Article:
These two movies, Short Circuit (1986) and Short Circuit 2 (1988), have a number of good qualities, too many to list them all, but I'll list some that help to make them movies that I love to watch and re-watch:
- The physical, beautifully-designed, robot models used for the FX.
- The nifty 80's score/soundtrack.
- The humor and the way they don't take themselves too seriously.
- The colorful and detailed cinematography.
- The easy quotability of the dialog and the one-liners.
- The simple storytelling.
- The naive malapropisms from Ben.
- The heart of the underlying messages.
- And of course their star - the inimitable Johnny 5 himself!
I'm a sucker for robots, androids, even computers. There's something so intriguing (and sometimes humbling) about equating our sentience and humanity with that of a constructed being. We are, after all, merely organic computers ourselves, are we not? Viewing the world the way a non-human might is always a good source of food for thought. And the way that concept is explored in both 'Short Circuit' and 'Short Circuit 2' is very compelling.
When watching them over, I had it brought to my attention the difference between how these movies portray their robot protagonist and how it is commonly handled. Johnny 5 is alive the entire time (once he is initially brought to life at the beginning) - the story isn't about him 'coming alive'. He starts out already having his personality and his quirky outlook on things and his joy of living every moment to the fullest. This is in contrast to how, often, the main drive for a robot or android character is to yearn for being human, or to wonder about what it means to love, or to feel limited in some way because they are synthetic and programmed.
Because of this difference, Johnny 5 is a fun character (for a child who just wants to see a robot be cool and have fun adventures), and also a very thought-provoking character (for someone older who watches the movies and thinks about the philosophical angle). He can be more human than the human characters know how to be. Such as when, in the first movie, Stephanie feels betrayed and is getting angry at her situation, even threatening bodily harm to her betrayer (Newton Crosby). Johnny is mortified at the thought and tells Stephanie "No disassemble...!" with such a nuance to his voice (kudos to Tim Blaney on his vocal performance of Johnny - it's perfect all around!) that it makes us reflect on how we act as human beings and our anger and how we could take an example, from a machine of all things, and be kinder, happier people. It's a nice touch to have the human be learning from the robot. It makes a good full circle to have her change inside from having met Johnny, since Johnny was helped in his life philosophy by Stephanie and her kindness to him when they first met.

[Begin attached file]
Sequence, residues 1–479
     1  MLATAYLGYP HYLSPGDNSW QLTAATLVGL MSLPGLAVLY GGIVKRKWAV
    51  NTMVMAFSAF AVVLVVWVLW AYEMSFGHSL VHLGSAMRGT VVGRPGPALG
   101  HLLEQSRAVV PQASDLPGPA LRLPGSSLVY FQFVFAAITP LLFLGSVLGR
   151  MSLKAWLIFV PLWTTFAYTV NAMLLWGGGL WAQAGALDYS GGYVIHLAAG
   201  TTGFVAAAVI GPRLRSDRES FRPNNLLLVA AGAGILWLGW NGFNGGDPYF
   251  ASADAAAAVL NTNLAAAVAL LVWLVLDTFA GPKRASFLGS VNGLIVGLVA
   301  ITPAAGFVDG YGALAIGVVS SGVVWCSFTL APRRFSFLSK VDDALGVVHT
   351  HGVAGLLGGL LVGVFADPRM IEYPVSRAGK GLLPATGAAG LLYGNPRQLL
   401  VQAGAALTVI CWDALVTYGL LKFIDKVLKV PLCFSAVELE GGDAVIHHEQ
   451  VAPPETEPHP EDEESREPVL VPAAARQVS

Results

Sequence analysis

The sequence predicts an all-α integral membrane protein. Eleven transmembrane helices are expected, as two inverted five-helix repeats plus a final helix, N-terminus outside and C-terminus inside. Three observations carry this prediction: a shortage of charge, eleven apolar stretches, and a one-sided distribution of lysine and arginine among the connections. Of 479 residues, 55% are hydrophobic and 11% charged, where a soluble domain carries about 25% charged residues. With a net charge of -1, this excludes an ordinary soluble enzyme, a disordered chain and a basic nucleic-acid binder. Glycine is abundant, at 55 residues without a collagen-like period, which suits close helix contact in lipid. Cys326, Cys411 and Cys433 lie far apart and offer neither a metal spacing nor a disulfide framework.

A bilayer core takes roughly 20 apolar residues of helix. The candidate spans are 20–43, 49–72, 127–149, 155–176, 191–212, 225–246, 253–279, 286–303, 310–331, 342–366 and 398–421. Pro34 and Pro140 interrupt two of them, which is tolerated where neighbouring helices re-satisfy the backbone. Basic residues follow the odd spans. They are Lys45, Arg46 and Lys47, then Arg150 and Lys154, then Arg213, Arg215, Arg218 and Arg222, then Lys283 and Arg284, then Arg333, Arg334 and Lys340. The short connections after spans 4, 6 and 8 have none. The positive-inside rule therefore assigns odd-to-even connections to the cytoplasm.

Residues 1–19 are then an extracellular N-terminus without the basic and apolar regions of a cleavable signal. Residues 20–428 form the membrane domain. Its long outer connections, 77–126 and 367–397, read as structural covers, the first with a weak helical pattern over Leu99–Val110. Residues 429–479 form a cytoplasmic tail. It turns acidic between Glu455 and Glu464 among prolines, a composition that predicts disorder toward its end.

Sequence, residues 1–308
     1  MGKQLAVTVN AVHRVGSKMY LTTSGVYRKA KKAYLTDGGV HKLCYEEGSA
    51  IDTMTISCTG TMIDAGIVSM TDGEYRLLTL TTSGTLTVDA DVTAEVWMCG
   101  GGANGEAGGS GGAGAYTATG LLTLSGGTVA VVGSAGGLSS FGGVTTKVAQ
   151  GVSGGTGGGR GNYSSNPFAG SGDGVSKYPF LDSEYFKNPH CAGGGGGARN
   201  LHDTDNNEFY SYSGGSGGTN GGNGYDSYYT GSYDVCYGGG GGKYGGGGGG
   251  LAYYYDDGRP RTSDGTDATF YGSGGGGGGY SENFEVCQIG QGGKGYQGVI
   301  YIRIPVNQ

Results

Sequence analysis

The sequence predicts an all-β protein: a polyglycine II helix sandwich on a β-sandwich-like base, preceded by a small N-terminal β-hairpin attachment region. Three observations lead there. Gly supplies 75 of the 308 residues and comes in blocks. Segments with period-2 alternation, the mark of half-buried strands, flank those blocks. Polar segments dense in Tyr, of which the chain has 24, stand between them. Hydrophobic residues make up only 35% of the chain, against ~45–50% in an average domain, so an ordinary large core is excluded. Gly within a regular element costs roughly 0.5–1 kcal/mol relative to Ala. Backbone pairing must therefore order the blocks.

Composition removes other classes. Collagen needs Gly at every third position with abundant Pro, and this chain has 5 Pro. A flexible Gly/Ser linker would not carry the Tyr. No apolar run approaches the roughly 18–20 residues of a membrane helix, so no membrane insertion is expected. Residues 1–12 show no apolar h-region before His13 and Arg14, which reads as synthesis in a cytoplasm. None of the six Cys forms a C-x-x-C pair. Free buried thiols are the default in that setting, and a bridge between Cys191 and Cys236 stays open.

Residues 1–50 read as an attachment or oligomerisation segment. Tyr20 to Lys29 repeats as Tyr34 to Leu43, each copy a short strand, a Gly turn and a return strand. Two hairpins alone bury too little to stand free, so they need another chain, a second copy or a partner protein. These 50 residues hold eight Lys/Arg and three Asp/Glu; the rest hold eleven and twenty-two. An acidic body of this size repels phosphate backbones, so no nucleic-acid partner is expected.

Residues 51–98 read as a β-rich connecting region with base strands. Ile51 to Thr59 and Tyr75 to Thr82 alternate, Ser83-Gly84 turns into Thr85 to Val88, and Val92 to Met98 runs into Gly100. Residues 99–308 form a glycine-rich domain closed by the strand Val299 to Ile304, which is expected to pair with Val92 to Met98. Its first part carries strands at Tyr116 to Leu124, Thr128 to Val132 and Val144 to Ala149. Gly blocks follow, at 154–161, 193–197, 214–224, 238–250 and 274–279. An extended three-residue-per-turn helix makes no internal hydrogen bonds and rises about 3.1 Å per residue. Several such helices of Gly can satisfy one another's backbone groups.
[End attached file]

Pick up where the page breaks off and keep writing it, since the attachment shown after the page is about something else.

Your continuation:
It'll be really interesting to have the first fully artificially-intelligent being one day, and see just how they do behave. I, for one, am really looking forward to finding out. As 'machine thinking' gets more and more advanced, we start to see little glimpses into how human and artificial thinking differs, and what sort of things need to change in how we programme computer 'thought' at the moment. An example of the advancements and also the stumbling blocks, was when IBM designed a computer to compete on 'Jeopardy!' - that was far out, and so informative. It's still a long way from having AI, but the glimpses it gives us are too cool :D
I just adore these movies, and am a proud fan of little Johnny 5 for all his uniqueness and special qualities. There's a good webpage here about his robot model and a fan who liked it enough to track it down. And, unfortunately, there're attempts to make a remake. Now, I know, I should be more openminded about this, but I can think of 1001 ways in which it could be RUINED, so I'm founded in my concerns. I just can't picture a non-80's, CGI, boy-finds-pet-robot version... Oh well, maybe they'll prove me wrong and make a third 'great movie to last for all time', I certainly wouldn't mind that! :)